Smartphone OS showdown: Android vs. iPhone OS, Windows Mobile vs. BlackBerry OS and more

iPhone OS, Google Android, BlackBerry OS, Symbian or Windows Mobile: Which smartphone operating system is right for you?

Are you sure you really want an iPhone?

Are you sure you really want an iPhone?

Symbian Series 60

Available on: A wide range of Nokia smartphones and some handsets from Samsung and Sony Ericsson

Current version: 9.4 (UI: S60 5th Edition)

Symbian is the most popular smartphone OS in the world and S60 is the user interface on most Symbian-powered smartphones, including the Nokia N97, Sony Ericsson Satio and the Samsung HD Icon. Now owned by Nokia, Symbian was originally a closed OS but it is now in the process of being open sourced. Smartphones running the Symbian OS are capable of multitasking and are compatible with Flash. Since the emergence of the iPhone and Google's Android many have criticised Symbian due to its steep learning curve and dated user interface. Symbian has a large developer community and a wide range of apps are available, but it doesn't have a central application store.

Strengths: Large developer community, compatible with Flash, multitasking

Weaknesses: UI not as polished as alternatives, often requires a steep learning curve to use, no central app store, the interface on touch-screen Symbian phones isn't as intuitive as competitors

Get it if: You like the interface of Nokia phones and you want the ability to customise and tweak your device

Avoid it if: You want a simple and hassle-free user experience, or you want a user-friendly touch-screen smartphone

Windows Mobile

Available on: A wide range of HTC, Samsung. Sony Ericsson, LG and Motorola smartphones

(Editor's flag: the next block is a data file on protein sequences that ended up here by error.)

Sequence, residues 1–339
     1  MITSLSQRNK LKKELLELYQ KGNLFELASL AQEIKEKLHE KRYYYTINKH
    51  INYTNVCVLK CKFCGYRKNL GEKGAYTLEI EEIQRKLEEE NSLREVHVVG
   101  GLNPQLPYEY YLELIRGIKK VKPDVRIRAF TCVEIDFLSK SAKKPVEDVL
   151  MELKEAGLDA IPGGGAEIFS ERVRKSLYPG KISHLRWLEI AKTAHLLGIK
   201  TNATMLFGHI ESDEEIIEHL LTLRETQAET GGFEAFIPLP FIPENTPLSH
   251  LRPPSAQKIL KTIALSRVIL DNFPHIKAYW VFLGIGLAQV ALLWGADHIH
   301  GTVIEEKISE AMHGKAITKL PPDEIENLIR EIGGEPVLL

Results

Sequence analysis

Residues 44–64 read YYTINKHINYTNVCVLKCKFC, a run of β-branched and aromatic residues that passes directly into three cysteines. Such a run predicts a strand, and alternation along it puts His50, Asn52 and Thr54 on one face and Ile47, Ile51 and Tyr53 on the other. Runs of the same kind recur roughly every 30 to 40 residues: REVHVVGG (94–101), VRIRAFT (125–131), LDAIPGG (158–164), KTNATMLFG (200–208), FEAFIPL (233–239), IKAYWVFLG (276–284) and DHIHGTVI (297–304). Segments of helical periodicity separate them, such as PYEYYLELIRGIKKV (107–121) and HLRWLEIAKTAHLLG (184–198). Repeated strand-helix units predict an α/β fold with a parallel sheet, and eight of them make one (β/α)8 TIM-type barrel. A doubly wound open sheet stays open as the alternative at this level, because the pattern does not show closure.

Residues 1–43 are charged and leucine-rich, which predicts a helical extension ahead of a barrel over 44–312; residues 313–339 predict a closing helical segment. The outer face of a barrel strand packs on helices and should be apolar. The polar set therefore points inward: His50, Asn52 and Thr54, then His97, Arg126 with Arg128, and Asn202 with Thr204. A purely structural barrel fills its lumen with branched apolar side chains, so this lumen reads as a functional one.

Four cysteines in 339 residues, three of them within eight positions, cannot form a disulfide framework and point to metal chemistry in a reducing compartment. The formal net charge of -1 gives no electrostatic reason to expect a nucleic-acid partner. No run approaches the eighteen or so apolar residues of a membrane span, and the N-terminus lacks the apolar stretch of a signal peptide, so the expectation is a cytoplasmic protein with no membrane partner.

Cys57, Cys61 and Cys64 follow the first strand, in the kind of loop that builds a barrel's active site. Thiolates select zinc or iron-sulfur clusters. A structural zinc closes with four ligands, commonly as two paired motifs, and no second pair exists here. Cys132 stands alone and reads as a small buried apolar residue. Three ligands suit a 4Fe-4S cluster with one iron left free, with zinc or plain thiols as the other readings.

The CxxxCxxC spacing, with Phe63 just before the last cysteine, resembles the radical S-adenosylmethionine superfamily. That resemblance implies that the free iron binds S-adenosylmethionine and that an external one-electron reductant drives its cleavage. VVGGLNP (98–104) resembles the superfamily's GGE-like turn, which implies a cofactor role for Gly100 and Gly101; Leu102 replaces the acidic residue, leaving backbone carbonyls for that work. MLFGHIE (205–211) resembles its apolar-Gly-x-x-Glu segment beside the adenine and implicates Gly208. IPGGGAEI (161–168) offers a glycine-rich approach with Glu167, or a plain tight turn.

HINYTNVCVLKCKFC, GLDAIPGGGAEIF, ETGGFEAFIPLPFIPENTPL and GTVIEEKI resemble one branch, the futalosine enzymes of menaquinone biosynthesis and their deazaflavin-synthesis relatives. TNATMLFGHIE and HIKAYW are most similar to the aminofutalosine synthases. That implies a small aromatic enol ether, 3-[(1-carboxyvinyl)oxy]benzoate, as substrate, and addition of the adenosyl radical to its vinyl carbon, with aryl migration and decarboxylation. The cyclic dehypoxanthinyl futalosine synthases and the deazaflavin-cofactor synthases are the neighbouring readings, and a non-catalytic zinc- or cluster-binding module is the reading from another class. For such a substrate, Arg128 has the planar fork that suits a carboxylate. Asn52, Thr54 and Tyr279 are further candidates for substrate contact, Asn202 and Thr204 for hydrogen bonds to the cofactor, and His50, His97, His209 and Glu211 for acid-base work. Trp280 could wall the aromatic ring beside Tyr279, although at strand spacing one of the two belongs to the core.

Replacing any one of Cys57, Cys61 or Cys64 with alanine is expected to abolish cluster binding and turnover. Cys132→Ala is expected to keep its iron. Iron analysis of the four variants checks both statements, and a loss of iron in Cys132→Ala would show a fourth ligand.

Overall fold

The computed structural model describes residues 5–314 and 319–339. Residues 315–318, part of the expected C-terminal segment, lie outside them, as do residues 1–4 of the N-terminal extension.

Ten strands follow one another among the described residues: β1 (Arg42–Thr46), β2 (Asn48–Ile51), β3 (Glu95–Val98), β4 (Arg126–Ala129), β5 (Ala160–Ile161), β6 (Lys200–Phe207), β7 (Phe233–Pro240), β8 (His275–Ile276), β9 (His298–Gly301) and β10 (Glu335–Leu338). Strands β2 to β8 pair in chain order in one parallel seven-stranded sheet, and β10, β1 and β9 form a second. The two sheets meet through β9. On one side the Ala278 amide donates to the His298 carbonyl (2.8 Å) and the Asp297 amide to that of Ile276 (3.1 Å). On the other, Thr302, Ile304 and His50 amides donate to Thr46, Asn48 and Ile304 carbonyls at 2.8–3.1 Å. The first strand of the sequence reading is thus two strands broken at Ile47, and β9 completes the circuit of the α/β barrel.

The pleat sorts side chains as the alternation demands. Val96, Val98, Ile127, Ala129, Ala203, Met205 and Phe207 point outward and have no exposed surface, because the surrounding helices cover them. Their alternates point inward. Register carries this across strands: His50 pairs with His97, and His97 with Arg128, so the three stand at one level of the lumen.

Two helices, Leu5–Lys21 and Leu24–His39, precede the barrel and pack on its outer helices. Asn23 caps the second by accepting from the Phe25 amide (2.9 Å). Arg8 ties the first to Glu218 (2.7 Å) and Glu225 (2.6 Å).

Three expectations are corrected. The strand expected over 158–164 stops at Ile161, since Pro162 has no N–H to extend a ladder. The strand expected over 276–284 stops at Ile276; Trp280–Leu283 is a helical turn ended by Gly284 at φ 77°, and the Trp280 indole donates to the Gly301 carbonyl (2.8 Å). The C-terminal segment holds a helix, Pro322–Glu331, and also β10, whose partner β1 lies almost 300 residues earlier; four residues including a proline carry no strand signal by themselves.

Current version: 6.5

Microsoft's Windows Mobile operating system was originally designed to provide a PC-like experience on your smartphone. The advantages of a Windows phone include mobile versions of Microsoft Office applications (Word, PowerPoint and Excel) and tight integration with the Outlook e-mail client. A wide range of other applications are available, including many business-focussed apps. However, Windows Mobile handsets have been plagued with outdated and unintuitive user interfaces and have often been criticised for being slow. The latest version, Windows Mobile 6.5, provides an intuitive home screen and a newly designed Start menu, but still lags behind most of the alternatives when it comes to usability. Manufacturers like Samsung, with the Omnia Icon and HTC, with the Touch Diamond2, have resorted to creating their own UI skins that sit on top of the Windows Mobile interface in order to provide a more intuitive user experience.

Strengths: Integration with Microsoft Outlook and Exchange, wide range of apps available

Weaknesses: Not as responsive, intuitive or user-friendly as the alternatives

Get it if: If you would like a Windows-style interface on your mobile phone and if you want seamless integration with Outlook

Avoid it if: You want a hassle-free user experience, you want an intuitive menu system and you prefer to not use a stylus

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Tags smartphonesMotorolaNokiaAppleAndroidhtcsymbianmobile phonesiPhoneiphone 3glgsamsungGoogle AndroidWindows MobileRIM BlackBerryWindows Mobile 6.5

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Ross Catanzariti

Ross Catanzariti

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